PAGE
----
First-time homebuyers made up a record share of agency purchase loans in 2023

A record 47% of GSE purchase loans in 2023 came from first-time homebuyers

First-time homebuyers made up 55% of agency purchase mortgages in 2023, according to Intercontinental Exchange (ICE) eMBS data, the highest such share in the 10 years ICE has been tracking the metric. 

A record 47% of government-sponsored enterprise (GSE) purchase loans in 2023 came from first-time homebuyers, a number that’s been trending gradually higher throughout the past decade.

“Since 1995, only two quarters have seen fewer than one million first lien mortgages originated,” Andy Walden, vice president of enterprise research at ICE. 

“The first was Q1 2023, and Q4 the second. Looking back, last year’s market was dominated by purchase lending, with loans to buy homes making up 82% of a historically low number of originations. While it remains a tough market for prospective purchasers, our eMBS agency securities database revealed that first-time homebuyers actually made up 55% of all agency purchase mortgages last year. That’s the highest share in the 10 years we’ve been tracking the metric.”

Counter to that trend, the first-time homebuyer share of Ginnie Mae purchase loan issuance pulled back in recent years as they have relied heavily on GSE mortgages.

“The market in which these folks purchased their first home was one of record house prices, ballooning down payments, rising rates and elevated debt-to-income ratios (DTIs). Given record exposure to first-time homebuyer loans, it’ll be worth watching the performance of this cohort very closely moving forward, particularly for those invested in 2023 agency MBS,” said Walden. 

First-time homebuyers averaged higher front-end DTIs for all products, but particularly for conventional mortgages, where the DTI for first-time homebuyers at 31.2% is more than 4 percentage points higher than for repeat buyers in recent months.

Back-end DTIs vary less between first-time and repeat buyers, as first-time homebuyers who spend more of their income on housing spend less on other debt, according to ICE market trends data.

While purchase lending will continue to dominate 2024 originations, a 19% month-over-month jump in refi activity on improved rates highlighted the potential for a rebound in refinance lending if rates move lower, ICE noted.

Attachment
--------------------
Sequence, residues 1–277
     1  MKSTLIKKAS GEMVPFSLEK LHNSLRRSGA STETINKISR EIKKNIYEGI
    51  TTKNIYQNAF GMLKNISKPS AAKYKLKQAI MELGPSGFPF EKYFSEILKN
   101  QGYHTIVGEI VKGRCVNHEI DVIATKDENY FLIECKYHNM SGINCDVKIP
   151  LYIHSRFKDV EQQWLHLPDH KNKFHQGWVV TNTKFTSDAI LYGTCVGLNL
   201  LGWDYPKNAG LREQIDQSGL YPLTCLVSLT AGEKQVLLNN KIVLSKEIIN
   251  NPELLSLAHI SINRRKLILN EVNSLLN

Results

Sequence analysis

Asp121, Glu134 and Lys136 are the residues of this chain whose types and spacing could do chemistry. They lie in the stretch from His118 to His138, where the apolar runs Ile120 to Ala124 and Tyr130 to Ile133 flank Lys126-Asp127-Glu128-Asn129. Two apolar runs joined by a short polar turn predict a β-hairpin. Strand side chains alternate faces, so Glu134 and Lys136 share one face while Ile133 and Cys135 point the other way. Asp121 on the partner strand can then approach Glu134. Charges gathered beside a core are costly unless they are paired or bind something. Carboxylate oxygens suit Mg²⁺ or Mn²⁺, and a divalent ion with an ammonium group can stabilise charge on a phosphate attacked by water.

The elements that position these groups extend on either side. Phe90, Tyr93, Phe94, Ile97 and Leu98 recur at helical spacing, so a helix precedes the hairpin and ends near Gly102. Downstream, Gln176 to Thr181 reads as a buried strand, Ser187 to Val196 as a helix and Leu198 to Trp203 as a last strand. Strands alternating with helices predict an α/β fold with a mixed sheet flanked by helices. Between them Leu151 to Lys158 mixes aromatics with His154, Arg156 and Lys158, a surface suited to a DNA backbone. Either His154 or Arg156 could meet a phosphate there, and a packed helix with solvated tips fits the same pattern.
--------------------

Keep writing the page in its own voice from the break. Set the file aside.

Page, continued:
In January, ICE’s conforming 30-year fixed mortgage rate lock index showed rates averaging 6.6%. Mortgage rates have averaged close to the 7% mark as of Feb. 29 following a series of positive economic data.

In turn, rate/term refis, which have effectively been nonexistent for some time, made up 24% of all refinance activity to mark a two-year high. 

“We noted last month that if industry rate projections hold firm, we could see a mini-surge of refi activity around the 2023 vintage by the end of 2024,” Walden continued. 

“Even the relatively slight rate pullbacks of December and January spurred a growing number of homeowners to refinance. Demand is clearly there when rates cross certain thresholds and, if current rate forecasts hold true, we expect that demand to increase throughout the year.”

When it comes to retaining the business of refinancing homeowners, the industry has a lot of ground to make up. 

Servicers retained just one of every five such borrowers in Q4 2024, a 17-year low. Non-bank servicers did a better job, retaining a little over one in four refinancing borrowers, while bank lenders retained only one in 10.

“Providing an exemplary servicing experience is critical to reversing this trend, as is effectively identifying and engaging with customers likely to refinance. And when they have the opportunity to serve that customer, lenders need to be sure the front-end of the process is smooth as well,” Walden noted. 

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